SIGCOMM 2021 Best Paper: Internet Hypergiants Expand into End-User Networks

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SIGCOMM 2021 Best Paper: Internet Hypergiants Expand into End-User Networks

SIGCOMM 2021 Best Paper: Internet Hypergiants Expand into End-User Networks

BIFOLD Fellow Prof. Dr. Georgios Smaragdakis and his colleagues received the prestigious ACM SIGCOMM 2021 Best Paper Award for their research into the expansion of Hypergiant’s off-nets. They developed a methodology to measure how a few extremely large internet content providers deploy more and more servers in end-user networks over the last years. Their findings indicate changes in the structure of the internet, potentially impacting network end-user experience and neutrality regulations.

Percentages of internet users that can be served by Hypergiants’ off-nets in their networks.
(Copyright: Petros Gigis et al.)

An increasing amount of the digital content delivered to Internet users originates from a few very large providers, like Google, Facebook or Netflix, the so-called Hypergiants (HGs). In 2007 thousands of autonomous networks (AS) – e.g. networks of an Internet service provider or university – were necessary to provide 50% of all content. In 2019 only five Hypergiants managed to originate half of the total Internet traffic alone. To cope with the unprecedented demand, most of these Hypergiants increased their network capacities in their own networks, but also installed and operated their servers, called off-nets, inside other networks. Such off-nets operate closer to the end user and, thus, accelerate content delivery to end-users as well as support applications, e.g., video streaming and edge computing (machine learning, artificial intelligence, and 5G).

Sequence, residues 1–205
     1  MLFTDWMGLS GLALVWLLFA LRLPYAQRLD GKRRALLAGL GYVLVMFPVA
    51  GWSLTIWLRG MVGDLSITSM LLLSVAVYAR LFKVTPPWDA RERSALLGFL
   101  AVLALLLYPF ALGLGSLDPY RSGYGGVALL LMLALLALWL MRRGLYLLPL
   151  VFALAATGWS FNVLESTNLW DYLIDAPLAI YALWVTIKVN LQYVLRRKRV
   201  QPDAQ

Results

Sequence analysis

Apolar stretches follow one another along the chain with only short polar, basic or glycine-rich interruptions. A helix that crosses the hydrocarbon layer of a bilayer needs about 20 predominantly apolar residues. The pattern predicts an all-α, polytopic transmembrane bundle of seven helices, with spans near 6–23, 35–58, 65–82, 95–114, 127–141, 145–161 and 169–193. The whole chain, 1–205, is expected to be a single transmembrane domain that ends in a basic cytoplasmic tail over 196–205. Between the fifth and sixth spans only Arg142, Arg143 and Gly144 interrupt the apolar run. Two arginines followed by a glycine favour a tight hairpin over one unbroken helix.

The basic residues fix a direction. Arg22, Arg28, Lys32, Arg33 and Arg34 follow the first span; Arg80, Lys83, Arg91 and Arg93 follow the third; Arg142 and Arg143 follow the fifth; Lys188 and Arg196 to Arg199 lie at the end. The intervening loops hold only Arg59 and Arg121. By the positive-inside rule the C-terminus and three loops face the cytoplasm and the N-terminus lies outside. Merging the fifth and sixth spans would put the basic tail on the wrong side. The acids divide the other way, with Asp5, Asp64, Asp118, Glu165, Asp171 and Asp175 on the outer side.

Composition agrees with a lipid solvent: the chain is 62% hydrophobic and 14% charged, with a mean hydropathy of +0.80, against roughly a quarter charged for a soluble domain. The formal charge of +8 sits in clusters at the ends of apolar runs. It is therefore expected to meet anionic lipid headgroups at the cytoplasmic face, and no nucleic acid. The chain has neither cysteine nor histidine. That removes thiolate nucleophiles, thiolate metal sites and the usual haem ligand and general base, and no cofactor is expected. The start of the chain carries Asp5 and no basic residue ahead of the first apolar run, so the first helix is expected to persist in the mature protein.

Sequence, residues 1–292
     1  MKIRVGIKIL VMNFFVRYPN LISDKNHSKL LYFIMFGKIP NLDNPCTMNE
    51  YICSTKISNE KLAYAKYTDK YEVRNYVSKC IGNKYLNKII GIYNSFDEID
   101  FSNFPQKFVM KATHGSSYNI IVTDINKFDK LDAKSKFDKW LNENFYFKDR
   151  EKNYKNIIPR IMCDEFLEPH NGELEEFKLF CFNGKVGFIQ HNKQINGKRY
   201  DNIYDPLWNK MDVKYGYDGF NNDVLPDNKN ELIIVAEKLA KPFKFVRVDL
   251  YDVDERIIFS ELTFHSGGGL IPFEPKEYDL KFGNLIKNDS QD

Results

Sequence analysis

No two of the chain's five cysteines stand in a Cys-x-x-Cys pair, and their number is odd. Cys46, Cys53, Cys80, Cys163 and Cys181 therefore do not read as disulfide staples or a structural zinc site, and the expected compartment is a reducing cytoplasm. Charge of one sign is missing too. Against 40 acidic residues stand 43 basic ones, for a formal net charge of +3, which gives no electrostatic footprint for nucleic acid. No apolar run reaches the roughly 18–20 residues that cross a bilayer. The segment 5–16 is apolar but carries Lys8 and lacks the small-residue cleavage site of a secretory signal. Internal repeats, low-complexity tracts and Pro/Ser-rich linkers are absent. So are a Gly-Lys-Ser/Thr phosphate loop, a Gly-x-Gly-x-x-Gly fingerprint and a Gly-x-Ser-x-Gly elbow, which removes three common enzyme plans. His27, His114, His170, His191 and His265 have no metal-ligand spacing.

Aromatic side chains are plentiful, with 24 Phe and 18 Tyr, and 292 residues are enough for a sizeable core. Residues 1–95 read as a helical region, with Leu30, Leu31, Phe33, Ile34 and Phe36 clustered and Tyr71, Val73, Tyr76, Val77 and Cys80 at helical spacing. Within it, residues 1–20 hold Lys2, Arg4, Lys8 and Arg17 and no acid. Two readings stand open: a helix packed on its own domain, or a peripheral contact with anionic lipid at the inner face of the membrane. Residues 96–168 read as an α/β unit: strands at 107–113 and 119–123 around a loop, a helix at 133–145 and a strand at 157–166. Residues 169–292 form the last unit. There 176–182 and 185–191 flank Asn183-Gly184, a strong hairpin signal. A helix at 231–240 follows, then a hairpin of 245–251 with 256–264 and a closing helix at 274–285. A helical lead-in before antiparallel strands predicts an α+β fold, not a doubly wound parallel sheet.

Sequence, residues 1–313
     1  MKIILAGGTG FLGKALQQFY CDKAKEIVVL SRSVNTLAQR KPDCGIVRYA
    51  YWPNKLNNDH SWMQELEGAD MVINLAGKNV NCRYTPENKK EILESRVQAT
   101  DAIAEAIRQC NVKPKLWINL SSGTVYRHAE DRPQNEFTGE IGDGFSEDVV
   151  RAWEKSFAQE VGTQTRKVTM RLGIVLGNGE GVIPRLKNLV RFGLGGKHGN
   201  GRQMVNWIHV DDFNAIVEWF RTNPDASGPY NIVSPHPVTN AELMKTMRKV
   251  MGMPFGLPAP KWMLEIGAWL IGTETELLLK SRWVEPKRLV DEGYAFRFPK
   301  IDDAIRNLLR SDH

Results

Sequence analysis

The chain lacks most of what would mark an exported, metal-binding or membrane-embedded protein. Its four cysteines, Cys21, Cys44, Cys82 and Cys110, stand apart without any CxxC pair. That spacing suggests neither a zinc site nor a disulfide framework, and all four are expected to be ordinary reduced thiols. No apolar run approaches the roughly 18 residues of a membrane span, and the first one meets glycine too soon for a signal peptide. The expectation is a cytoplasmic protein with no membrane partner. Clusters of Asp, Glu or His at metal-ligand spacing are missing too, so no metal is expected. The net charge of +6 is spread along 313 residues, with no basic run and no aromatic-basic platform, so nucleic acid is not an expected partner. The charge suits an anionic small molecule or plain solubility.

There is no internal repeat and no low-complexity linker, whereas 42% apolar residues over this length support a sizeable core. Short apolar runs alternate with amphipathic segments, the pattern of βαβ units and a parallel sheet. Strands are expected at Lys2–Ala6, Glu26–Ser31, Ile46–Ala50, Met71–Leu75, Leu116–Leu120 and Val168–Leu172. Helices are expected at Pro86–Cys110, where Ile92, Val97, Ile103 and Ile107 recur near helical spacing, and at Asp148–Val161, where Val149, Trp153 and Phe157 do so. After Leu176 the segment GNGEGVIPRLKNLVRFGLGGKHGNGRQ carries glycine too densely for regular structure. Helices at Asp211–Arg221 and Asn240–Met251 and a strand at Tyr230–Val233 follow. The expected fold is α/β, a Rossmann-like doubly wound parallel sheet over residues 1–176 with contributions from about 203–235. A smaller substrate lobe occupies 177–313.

At least three of the current HGs increased their off-net footprint significantly between 2013 and 2021 (note: y-axis scales differ).
(Copyright: Petros Gigis et al.)

In their paper “Seven years in the life of Hypergiants’ off-nets,” Georgios Smaragdakis, Professor of Cybersecurity at TU Delft, and his colleagues from University College of London, Microsoft, Columbia University and FORTH-ICS present a methodology to measure the increase of such off-nets footprints by analyzing massive public data sets that include active scans and server digital certificates (TLS) that span over seven years (2013-2021). By analyzing the ownership of the certificates over time, they were able to track the deployment of Hypergiants’ off-nets around the globe. These Internet analytics are important to understand how the structure and operation of the Internet and the data flow has changed. For this work the researchers received the prestigious Best Paper Award of the 2021 ACM Special Interest Group on Data Communication (SIGCOMM 2021) conference. SIGCOMM is the flagship conference of the Association of Computing Machinery (ACM) on the topics of internet architecture and networking.

Prof. Dr. Georgios Smaragdakis
(Copyright: Georgios Smaragdakis)

“Internet infrastructures are the backbone of contemporary communication. Understanding developments in this sector is a key prerequisite for improving end-user experience, security, and privacy. We are very pleased that our efforts to monitor and explain changes in the Internet architectures are internationally recognized.”